We start with the always brilliant Dr. Pauline Chen , this time talking about what happens when insurers put profits before people. She's talking about a new book by former CIGNA PR guru turned insurance company critic Wendell Potter called Deadly Spin. It's what I face every day as I try to help patients get the care they need. This is well worth reading.
In that context, we view the GOP plan for repeal . Assuming that complete repeal will not pass the Senate, a bunch of piecemeal repeal bills have been introduced to eliminate the individual mandate that people buy insurance, and to de-fund reform implementation efforts.
But the GOP has some obstacles.
Although the nonprofit Congressional Budget Office says repeal of health reform would cost $230 billion over 10 years, the GOP says they disagree. The CBO also says repeal would leave 32 million people without insurance in 2019. The GOP plans to release its own figures at some point showing that health reform is costly and repeal will save money. The problem with this is that the parties have always agreed to use CBO estimates so they're not talking past each other. It's going to be hard to get any sort of agreement on anything if the Dems and GOP refuse to rely on the CBO.
Meanwhile, Dems are coming together on repeal of reform -- even those who voted against reform are likely to vote against repeal because of the positive consumer protections that already have taken effect. Tweak the law, make changes? Sure. But wholesale repeal? No way.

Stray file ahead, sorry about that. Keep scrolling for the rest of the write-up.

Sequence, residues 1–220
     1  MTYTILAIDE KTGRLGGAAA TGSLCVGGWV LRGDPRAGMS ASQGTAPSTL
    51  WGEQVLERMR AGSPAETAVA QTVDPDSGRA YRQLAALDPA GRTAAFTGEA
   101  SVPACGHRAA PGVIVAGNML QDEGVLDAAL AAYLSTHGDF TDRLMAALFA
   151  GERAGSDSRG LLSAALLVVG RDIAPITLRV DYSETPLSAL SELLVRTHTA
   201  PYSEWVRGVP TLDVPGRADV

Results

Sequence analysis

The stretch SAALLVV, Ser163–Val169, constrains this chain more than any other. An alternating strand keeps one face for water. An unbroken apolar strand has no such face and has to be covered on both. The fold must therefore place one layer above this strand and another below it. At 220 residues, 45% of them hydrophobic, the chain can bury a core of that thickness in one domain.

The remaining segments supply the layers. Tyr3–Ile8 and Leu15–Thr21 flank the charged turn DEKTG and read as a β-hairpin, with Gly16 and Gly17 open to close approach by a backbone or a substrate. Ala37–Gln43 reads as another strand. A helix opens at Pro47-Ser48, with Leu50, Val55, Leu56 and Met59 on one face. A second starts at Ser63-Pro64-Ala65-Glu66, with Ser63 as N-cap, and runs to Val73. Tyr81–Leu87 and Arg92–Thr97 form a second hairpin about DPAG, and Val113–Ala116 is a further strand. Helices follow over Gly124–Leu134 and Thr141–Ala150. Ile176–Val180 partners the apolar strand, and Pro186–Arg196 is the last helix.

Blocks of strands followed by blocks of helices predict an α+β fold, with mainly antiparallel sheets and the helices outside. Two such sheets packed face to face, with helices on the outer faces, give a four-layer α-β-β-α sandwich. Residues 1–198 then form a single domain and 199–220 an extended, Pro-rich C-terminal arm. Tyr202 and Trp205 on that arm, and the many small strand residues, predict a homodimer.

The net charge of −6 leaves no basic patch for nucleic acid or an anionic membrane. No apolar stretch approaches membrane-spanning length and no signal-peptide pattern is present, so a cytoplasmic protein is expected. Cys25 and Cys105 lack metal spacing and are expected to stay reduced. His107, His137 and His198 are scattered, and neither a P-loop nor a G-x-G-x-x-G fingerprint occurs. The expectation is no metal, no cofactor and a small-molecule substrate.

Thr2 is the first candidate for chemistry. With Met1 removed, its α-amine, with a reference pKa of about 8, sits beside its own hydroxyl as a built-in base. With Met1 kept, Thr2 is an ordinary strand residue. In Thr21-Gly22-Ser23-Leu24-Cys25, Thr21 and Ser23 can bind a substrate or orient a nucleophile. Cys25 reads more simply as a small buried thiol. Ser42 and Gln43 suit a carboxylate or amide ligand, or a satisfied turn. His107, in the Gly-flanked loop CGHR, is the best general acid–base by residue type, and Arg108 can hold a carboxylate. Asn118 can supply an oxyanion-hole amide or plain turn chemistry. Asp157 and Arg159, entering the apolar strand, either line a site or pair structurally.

And President Obama has now official said he would veto the total repeal bill.
Thirty-three State Governors are sending a letter to the feds asking them not to expand Medicaid enrollment as part of health reform. Starting in 2014, Medicaid is supposed to cover all adults up to 133% of the federal poverty level. The feds will pay 90% of the cost of this expansion, but that federal share phases out over time, leaving the states to pick up more of the tab for this expansion. So the states are unhappy. Meanwhile, not a day goes by when I don't get a call from an adult in some state who's broke but not on Social Security disability, and they can't get Medicaid or afford any other alternative. So I ask the States what they plan to do for these folks instead of expanding Medicaid?
Meanwhile, both Federal and California officials pledge to push back against California Blue Shield's 59% rate increases. The Insurance Commissioner has asked Blue Shield to hold off for 60 days so he can look into the matter.
Disability rights advocates in Texas have been trying to get institutional settings shut down. That may now happen due to budget cuts. The hope is that this would lead to more community based care.